The legacy of Master Chef Peter Timmins

Photo by Ed Morita

10440933_10203055829613200_168145962997397438_nIt is said that the measure of a leader is how many leaders they create. A prime example of this is in the life of Master Chef Peter Timmins. Based on the number of leaders Timmins created during his 40-year career, a giant of the industry has passed from this world.

Last week, word of Timmins’ death sent reverberations through the industry, particularly among chefs who worked under him at The Greenbrier Resort & Spa in White Sulphur Springs, West Virginia.

DSC01205During his tenure there, Timmins oversaw one of the most prestigious culinary apprenticeship programs in the United States. Among its graduates are Hawaii Food & Wine Festival regulars Mark Noguchi, chef owner of the Lunch Box and Bocuse d’Or competitor Richard Rosendale.

I had the privilege of working under Timmins when I was at The Greenbrier from 2001-2003. I will never forget my time there.

So often, I hear the media misuse the title Master Chef. Few outside of the industry realize that Master Chef is an accreditation that requires chefs to under go an intense examination process. Timmins was one of only 60 chefs in the world to achieve this coveted title.

photo“Chef T was very serious and demanding, but he also had a stern and sneaky sense of humor,” says Arin Antonio, Chef at Hoakalei Country Club and 2007 graduate of The Greenbrier apprenticeship program. “Chef T was probably the most intelligent individual that I have ever met. His array of classical cooking techniques and diversity was simply untouchable. An example of this was when we had a sophomore appetizer showing and I created a scallop and smoked lomilomi salmon with a citrus whipped ‘cloud’. All my peers and sous chefs only concern was the smoked lomilomi salmon (because they had no idea what it was). Chef T immediately stopped everyone and explained the lomilomi, including its deeper origin and all of a sudden the whole dish made sense. I was in awe, as he had already known what this island favorite was and put it under a spotlight for everyone to see.”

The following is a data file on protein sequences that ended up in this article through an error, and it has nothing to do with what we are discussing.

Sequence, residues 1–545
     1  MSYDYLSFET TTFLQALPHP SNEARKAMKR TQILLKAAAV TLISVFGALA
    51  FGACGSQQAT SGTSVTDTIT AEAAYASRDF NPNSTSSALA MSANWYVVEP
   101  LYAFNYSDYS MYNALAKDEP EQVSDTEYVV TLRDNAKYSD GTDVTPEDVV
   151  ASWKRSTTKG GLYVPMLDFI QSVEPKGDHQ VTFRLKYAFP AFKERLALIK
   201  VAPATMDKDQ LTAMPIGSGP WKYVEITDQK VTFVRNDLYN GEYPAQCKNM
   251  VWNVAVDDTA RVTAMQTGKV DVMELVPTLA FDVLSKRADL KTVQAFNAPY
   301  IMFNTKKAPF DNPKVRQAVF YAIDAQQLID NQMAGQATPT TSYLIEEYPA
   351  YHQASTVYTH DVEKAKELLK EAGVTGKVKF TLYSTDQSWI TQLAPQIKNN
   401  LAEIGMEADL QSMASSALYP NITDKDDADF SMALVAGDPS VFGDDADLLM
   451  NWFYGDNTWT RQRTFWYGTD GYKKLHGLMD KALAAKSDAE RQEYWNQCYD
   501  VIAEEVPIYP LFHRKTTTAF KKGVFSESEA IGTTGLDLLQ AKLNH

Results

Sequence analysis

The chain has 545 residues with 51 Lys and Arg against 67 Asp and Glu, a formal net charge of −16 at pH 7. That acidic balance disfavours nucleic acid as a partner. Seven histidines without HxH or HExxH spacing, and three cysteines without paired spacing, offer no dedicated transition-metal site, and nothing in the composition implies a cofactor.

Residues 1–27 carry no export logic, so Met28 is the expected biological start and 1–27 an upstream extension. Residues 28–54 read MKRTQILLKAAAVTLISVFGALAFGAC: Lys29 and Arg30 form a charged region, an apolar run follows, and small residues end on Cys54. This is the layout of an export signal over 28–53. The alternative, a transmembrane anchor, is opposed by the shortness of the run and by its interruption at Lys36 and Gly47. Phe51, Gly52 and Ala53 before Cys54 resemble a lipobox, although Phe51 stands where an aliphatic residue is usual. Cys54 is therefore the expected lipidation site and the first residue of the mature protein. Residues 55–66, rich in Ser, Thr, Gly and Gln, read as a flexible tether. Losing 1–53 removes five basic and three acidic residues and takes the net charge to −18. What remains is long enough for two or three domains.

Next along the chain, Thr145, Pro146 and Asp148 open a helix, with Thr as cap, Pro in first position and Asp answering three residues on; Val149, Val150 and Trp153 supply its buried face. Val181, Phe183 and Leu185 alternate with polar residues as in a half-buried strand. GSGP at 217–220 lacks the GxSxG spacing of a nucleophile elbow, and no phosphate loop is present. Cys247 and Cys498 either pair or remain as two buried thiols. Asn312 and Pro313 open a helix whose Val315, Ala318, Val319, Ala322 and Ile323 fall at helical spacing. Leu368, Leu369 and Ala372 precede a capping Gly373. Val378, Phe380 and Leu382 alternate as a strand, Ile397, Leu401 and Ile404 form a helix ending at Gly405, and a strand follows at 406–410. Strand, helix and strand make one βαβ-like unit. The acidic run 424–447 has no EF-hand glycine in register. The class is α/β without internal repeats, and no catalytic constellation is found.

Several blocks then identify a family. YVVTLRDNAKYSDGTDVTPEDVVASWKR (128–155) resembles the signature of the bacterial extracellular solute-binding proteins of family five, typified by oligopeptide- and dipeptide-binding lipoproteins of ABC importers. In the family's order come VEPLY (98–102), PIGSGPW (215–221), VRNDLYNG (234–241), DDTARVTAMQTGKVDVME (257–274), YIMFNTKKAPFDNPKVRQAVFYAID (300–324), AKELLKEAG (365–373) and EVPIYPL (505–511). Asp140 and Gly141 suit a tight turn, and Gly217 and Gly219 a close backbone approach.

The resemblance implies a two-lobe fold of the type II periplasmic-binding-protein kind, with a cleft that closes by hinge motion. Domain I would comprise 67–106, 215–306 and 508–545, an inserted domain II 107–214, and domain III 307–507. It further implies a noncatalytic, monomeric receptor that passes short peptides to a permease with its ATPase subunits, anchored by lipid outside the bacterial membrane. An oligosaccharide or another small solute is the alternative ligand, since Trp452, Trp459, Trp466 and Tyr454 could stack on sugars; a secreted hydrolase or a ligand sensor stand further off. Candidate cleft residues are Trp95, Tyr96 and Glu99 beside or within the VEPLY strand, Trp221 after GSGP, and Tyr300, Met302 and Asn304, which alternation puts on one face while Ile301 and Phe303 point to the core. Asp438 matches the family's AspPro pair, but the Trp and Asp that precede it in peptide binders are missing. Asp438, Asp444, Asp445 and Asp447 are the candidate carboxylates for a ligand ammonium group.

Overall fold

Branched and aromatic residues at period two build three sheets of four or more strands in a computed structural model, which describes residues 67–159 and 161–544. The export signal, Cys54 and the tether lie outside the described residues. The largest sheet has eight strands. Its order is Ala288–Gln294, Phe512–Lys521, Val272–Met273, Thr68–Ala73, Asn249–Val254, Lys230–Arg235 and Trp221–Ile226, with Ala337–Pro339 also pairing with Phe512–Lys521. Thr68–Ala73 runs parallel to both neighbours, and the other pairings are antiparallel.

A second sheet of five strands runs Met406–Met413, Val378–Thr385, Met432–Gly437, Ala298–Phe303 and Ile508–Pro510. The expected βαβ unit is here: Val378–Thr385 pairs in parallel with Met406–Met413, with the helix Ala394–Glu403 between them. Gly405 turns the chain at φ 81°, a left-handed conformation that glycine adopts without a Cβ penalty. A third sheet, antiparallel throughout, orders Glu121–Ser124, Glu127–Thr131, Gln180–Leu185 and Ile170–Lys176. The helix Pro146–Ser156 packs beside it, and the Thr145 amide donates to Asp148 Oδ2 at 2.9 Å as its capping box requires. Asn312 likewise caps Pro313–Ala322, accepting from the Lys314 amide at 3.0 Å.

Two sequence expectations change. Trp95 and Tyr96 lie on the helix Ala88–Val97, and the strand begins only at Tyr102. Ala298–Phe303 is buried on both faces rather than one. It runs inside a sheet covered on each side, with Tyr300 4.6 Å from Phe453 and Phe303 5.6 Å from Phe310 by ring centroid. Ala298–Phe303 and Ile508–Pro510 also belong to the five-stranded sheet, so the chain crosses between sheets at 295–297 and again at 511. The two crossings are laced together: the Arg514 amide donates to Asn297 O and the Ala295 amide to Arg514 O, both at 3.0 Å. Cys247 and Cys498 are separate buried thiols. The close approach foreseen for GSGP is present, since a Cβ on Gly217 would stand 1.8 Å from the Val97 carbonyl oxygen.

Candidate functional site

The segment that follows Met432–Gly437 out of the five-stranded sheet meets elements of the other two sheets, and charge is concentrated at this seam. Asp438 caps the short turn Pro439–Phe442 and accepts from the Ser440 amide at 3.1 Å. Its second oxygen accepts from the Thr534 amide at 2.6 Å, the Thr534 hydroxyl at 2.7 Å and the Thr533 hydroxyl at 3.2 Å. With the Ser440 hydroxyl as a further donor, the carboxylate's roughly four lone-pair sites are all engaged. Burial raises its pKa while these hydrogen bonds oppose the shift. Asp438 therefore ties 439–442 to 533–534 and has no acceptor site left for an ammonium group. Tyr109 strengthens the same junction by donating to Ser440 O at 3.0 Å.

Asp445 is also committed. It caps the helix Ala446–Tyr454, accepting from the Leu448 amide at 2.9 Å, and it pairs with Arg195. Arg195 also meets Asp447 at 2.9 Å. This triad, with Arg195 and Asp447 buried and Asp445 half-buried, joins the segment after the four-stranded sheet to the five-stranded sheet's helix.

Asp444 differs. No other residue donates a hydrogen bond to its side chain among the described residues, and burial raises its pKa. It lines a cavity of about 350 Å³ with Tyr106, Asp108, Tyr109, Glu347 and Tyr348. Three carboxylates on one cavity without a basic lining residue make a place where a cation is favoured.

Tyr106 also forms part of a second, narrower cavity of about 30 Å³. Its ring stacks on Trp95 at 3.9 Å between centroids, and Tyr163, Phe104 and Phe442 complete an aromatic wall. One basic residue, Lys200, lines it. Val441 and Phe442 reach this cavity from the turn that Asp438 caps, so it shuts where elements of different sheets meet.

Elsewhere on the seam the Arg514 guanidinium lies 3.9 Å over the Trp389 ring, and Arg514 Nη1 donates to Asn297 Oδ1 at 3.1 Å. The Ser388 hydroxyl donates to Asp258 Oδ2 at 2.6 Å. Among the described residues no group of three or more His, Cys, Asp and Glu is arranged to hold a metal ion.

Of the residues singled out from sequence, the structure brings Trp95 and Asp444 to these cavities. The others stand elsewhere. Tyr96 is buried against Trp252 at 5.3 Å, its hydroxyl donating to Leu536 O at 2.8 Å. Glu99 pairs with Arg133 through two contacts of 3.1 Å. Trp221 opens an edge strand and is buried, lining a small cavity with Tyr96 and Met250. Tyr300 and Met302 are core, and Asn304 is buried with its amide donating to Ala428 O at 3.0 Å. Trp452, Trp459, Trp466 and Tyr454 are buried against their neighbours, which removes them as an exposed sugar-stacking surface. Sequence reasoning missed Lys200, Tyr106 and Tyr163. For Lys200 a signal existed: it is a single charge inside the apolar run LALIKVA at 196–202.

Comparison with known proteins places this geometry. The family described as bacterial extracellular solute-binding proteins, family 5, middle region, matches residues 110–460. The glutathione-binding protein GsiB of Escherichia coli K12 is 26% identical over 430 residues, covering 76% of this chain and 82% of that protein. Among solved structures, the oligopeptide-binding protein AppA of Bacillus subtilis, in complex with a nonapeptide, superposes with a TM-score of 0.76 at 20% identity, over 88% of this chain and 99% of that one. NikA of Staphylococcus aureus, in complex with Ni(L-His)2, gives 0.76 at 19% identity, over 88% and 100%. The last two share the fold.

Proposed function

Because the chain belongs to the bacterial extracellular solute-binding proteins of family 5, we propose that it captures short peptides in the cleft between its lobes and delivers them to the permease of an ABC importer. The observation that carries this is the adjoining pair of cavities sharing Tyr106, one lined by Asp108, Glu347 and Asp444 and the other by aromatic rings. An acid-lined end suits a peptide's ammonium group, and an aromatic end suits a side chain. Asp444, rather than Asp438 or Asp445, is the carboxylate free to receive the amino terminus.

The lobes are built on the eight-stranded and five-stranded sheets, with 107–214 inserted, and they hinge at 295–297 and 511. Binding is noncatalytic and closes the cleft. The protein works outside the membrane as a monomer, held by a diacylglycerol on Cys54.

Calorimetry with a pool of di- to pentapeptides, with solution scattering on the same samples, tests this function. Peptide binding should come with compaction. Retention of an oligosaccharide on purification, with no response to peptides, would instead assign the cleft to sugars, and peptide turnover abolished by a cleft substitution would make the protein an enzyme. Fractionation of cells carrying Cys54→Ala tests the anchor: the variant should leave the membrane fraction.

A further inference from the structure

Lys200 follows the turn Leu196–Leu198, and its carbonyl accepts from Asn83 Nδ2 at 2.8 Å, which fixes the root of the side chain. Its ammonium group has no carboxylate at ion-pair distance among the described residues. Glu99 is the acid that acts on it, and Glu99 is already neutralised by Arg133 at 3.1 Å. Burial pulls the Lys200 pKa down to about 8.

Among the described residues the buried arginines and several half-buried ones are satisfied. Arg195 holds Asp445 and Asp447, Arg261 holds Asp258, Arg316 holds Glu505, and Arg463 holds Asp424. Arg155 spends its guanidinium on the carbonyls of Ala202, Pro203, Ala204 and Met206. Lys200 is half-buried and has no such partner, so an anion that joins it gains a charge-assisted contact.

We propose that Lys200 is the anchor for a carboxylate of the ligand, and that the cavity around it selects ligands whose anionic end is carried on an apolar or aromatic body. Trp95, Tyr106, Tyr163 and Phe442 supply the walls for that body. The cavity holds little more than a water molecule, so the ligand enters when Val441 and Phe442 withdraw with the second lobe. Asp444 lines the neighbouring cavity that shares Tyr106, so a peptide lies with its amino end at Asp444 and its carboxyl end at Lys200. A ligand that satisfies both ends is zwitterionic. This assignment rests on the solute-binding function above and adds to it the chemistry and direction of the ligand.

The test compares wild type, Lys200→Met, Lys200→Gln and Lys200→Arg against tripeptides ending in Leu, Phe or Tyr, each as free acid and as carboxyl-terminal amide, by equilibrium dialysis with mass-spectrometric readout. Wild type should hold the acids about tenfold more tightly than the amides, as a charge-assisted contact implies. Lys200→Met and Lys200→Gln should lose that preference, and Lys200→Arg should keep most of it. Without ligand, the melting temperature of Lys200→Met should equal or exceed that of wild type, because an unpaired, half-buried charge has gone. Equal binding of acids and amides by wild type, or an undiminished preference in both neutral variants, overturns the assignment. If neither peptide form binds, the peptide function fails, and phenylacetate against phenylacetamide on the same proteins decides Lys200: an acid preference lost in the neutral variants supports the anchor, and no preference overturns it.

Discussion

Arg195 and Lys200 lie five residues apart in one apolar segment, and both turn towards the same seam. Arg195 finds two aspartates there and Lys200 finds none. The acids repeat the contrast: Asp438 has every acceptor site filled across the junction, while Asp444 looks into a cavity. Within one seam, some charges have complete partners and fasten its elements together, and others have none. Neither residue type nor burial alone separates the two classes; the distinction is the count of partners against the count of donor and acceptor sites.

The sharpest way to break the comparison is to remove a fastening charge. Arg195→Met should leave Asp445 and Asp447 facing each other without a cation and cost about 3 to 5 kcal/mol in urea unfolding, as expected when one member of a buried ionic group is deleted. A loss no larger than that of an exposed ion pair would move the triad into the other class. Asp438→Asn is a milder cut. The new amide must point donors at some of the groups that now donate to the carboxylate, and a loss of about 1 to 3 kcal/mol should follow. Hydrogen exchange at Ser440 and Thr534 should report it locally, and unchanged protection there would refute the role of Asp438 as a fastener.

DSC00839The one thing that I most vividly recall about Timmins will always be his piercing stare. Noguchi recalls when he came under his gaze on his second day of work. “I was working as roast station assist and in the sh**s with plating goat cheese stuffed cherry tomatoes,” he said. “Plesh (the executive sous chef) is yelling at me, so chef Timmins walks over to me and asks what’s wrong… ‘Sorry chef… It’s my ADD.’”

Noguchi remembers how Timmons placed his entire body in front of him and said, “That’s sh**, I’ve got ADD! Wanna know why ADD people make better cooks? Because we live our entire lives multitasking. Now get the f*** back to work.”

Noguchi pulled it together and finished serving 1,500 guests that night

IMG_0270As the above story demonstrates, Timmins not only held his cooks accountable, he held them capable. He was a stern taskmaster; however he genuinely cared for all of his cooks.

Executive chef Curtis Horka of Honolulu Coffee Co. remembers how Timmins taught his cooks that no one can make you be a chef; only you can make you a chef. “Chef Timmins wasn’t just about food,” he said. “He was a respected, commanding leader and a special kind of mentor. He was someone who you could go to having the worst day and leave feeling inspired and willing to endure more. He always had time to talk and genuinely cared that you always pushed yourself. If you wanted to keep growing then you can’t wait for a place or a person to give it to you; instead you need to find the opportunities to grow on your own and make it happen.”

Said Antonio: “He was also the most demanding and critical chef I have ever worked for. Chef T always used to say that if someone is in the way of your dreams and goals, run them over like a freight train and get what you want. I have lived my life this way ever since and I train my cooks to do the same.”

One phrase that Timmins always said to his cooks was, “push yourself.” I recall many times plating a banquet for several hundred people and hearing him say, “Push yourself chef!” It’s a phrase that chefs have spread throughout the industry as they progressed in their careers, and to this day, is a motto that I model my career by.

Push Yourself

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A reminder to myself at Highway Inn Kaka‘ako to always push myself.

Photo by Ed Morita“Every time you looked his way,” recalls Horka, “you would find him talking while surrounded by young chefs with ears and eyes wide open soaking in every inspiring word of culinary philosophy.”

During his career, Timmins made an impact on countless chefs who now run kitchens around the world.

You will be missed, Chef Timmins, however, your legacy of excellence will continue to spread throughout the industry through the lives you have touched and the chefs you helped to create.